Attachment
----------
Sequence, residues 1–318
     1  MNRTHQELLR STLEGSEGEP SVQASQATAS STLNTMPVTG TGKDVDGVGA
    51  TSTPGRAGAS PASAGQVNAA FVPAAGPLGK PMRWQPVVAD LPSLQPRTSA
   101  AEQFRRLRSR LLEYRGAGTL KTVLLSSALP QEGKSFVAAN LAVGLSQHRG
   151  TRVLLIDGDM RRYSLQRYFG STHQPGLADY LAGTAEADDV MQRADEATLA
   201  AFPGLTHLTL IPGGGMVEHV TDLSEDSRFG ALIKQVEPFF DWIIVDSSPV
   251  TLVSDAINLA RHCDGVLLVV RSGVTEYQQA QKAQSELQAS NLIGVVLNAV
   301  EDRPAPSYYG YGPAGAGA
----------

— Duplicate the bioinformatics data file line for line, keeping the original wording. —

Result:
Sequence, residues 1–318
     1  MNRTHQELLR STLEGSEGEP SVQASQATAS STLNTMPVTG TGKDVDGVGA
    51  TSTPGRAGAS PASAGQVNAA FVPAAGPLGK PMRWQPVVAD LPSLQPRTSA
   101  AEQFRRLRSR LLEYRGAGTL KTVLLSSALP QEGKSFVAAN LAVGLSQHRG
   151  TRVLLIDGDM RRYSLQRYFG STHQPGLADY LAGTAEADDV MQRADEATLA
   201  AFPGLTHLTL IPGGGMVEHV TDLSEDSRFG ALIKQVEPFF DWIIVDSSPV
   251  TLVSDAINLA RHCDGVLLVV RSGVTEYQQA QKAQSELQAS NLIGVVLNAV
   301  EDRPAPSYYG YGPAGAGA